The Passionate Dance - Page 2

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La Boca’s colorful buildings
THE MOUTH: La Boca, the neighborhood from which tango grew  (Photodisc/Getty)

Today La Boca is one of the city's main tourist attractions; the locals no longer need to paint the houses different colors—but they still do, for the sake of tradition and to amuse the visitors. These days the major draw for the locals seems not to be the tango, but the soccer stadium of the Boca Juniors, Argentina's top soccer team. But tango still lives here, mainly on Sunday afternoons when Camintas, Boca's main street, teams with tourists and street dancers who put on hourly shows for the crowds. Here in La Boca one will see the tango in its natural habitat: unpolished and raw, if a little rehearsed.

From the streets of the poor barrios the tango moved indoors, to chic salons with marble floors and massive gold-framed mirrors. In the 1920s Buenos Aires was full of these—most hosting live music and milongas daily. You can still find the same slightly worn glamour and low-key elegance of tango preserved at the two most famous Buenos Aires tango landmarks, Café Tortoni and Confiteria Ideal.

While both host nightly tango shows, by day Café Tortoni is mostly a lovely spot to enjoy a café cortado—porteño-style espresso with a drop of hot milk. But Confiteria Ideal is truly a tango Mecca. The ornate building, immortalized on screen in Alan Parker's film Evita as the backdrop for Evita and Che's turbulent tango, lives and breathes tango from the moment it opens at noon till the last milongero leaves the dance floor at 4:00 a.m. The downstairs functions as a café—a cavernous space framed in dark wood with massive light fixtures perched on massive pillars. The upper floor, where the light pours in through a stained-glass ceiling and bounces off the marble floor polished to a sheen by scores of shimmering feet, hosts a tango lesson each day in the early afternoon, and then usually two milongas—a matinee danced to a boom box (or these days, an mp3 player) and a late-night dance with a live tango orchestra. Even if you are a tango novice and have no intention of stepping out onto the dance floor, attending a milonga is an authentic porteño experience.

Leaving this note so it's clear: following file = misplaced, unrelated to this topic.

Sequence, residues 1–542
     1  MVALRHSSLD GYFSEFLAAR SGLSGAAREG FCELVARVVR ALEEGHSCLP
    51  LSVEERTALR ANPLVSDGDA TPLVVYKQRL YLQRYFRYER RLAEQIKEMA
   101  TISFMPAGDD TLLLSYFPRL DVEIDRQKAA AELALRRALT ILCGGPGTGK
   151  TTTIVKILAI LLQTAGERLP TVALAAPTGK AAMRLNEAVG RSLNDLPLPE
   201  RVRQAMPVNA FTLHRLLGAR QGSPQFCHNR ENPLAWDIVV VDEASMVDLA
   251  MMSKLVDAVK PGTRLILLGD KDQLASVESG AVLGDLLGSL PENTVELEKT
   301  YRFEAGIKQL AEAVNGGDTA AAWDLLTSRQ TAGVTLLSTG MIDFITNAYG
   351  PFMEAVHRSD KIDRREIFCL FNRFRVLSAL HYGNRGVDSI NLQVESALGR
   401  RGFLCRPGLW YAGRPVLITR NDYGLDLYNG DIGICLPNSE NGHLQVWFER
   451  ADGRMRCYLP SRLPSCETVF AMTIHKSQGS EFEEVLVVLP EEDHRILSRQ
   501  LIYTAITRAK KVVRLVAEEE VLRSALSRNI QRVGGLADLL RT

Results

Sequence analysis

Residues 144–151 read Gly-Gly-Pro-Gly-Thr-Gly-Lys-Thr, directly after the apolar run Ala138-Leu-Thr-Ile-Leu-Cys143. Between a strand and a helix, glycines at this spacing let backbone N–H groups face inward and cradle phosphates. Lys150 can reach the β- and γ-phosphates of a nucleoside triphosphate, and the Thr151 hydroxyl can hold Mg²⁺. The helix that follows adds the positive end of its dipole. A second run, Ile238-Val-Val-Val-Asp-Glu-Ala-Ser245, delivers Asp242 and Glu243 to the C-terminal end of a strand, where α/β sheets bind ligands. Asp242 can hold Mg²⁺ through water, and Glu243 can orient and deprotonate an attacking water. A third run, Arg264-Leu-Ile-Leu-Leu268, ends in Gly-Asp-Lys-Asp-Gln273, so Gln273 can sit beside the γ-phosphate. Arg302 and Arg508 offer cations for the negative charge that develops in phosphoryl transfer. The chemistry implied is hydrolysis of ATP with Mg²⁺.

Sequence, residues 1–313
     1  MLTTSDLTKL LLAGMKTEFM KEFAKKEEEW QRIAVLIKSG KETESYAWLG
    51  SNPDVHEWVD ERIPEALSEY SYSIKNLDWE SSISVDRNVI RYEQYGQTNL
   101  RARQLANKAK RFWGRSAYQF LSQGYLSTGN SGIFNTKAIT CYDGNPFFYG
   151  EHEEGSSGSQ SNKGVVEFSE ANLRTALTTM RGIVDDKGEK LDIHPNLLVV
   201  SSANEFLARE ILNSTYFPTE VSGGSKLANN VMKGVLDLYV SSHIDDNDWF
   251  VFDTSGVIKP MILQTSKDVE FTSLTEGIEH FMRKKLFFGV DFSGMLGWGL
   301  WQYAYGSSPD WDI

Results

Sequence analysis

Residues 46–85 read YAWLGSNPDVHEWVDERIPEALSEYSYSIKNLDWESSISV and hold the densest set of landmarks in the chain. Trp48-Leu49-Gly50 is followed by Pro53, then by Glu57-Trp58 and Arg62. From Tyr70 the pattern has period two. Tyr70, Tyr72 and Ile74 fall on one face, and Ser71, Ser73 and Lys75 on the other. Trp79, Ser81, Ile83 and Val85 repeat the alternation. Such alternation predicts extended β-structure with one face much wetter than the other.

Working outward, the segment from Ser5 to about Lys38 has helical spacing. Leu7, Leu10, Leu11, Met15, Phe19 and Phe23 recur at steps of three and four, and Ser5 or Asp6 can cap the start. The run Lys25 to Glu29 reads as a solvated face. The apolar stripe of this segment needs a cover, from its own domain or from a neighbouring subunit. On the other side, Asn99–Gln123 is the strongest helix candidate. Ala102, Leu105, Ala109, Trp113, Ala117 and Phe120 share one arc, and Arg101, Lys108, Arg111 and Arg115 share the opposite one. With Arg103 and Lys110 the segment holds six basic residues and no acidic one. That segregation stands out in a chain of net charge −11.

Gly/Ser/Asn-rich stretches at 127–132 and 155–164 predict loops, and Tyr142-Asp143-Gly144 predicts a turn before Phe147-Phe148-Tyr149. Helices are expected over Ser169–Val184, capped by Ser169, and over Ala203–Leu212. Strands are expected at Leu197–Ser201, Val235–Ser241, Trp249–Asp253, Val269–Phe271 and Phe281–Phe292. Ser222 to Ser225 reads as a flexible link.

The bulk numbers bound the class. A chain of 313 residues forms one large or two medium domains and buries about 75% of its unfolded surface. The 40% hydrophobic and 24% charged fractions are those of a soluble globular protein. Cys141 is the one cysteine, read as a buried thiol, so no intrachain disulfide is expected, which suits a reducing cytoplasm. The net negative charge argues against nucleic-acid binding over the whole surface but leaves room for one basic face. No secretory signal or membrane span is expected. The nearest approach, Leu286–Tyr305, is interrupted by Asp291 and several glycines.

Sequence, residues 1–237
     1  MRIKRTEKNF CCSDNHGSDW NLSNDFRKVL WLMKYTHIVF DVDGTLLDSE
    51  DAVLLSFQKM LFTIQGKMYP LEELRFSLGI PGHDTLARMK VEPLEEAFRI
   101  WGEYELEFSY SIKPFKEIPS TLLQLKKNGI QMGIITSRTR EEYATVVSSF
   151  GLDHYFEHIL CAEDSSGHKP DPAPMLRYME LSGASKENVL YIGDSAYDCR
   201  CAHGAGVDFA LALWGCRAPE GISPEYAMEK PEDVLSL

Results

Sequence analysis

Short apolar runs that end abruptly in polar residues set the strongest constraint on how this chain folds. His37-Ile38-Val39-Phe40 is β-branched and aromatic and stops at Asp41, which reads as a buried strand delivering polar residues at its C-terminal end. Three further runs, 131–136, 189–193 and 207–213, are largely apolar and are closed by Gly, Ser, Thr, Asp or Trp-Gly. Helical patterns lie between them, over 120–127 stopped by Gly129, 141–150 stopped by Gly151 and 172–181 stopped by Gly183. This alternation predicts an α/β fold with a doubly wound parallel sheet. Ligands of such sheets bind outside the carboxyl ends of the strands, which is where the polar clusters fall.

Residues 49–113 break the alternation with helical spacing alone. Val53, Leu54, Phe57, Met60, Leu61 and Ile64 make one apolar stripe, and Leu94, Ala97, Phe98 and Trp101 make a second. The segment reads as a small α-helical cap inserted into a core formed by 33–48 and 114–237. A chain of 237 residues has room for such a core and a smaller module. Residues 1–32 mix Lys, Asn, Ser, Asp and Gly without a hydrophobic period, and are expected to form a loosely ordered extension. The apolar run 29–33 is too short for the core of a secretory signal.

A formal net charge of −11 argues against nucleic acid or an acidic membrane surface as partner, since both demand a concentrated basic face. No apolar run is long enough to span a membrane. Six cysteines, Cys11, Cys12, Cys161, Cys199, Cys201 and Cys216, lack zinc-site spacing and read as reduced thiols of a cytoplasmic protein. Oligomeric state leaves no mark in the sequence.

If you didn't visit Buenos Aires to dance the tango, the least you can do is attend a proper tango show. Some locals scoff at the idea of the staged tango performances as over-priced spectacles created exclusively for tourists and having nothing to do with the heart and soul of tango. But for a visitor, a beautifully choreographed performance in a spectacular setting, sometimes complimented by a delicious dinner, is a guilty pleasure too tempting to miss.

For many, the Piazzolla Tango Show is the elegant evening of tango worth splurging on. The theater itself is a stunning piece of Art Nouveau architecture, located in the beautifully restored Galleria Guemes building in the Microcentro neighborhood. This lavish venue, with its wine-colored carpet and gold balconies adorned with velvet curtains, is a throwback to the days of early 20th-century glamour and excess, when dressing for dinner required a tuxedo or a shimmering silk gown. Visitors may choose to opt for just the performance accompanied by champagne and appetizers, or make a full night of it and start with a three-course prix fixe dinner. The show itself lasts an hour and a half, and features live music, professionally trained dancers, dazzling lights, and spectacular costume changes. As different as it may appear, the tango on this stage is the 21st-century descendant of the same dance that shuffled on the cobblestones of the poor barrios of the old Buenos Aires over 100 years ago. Behind the exaggerated acrobatic moves and the music that's sometimes more techno than tango, remain the fluid, passionate rhythms that made this dance so popular in the first place.

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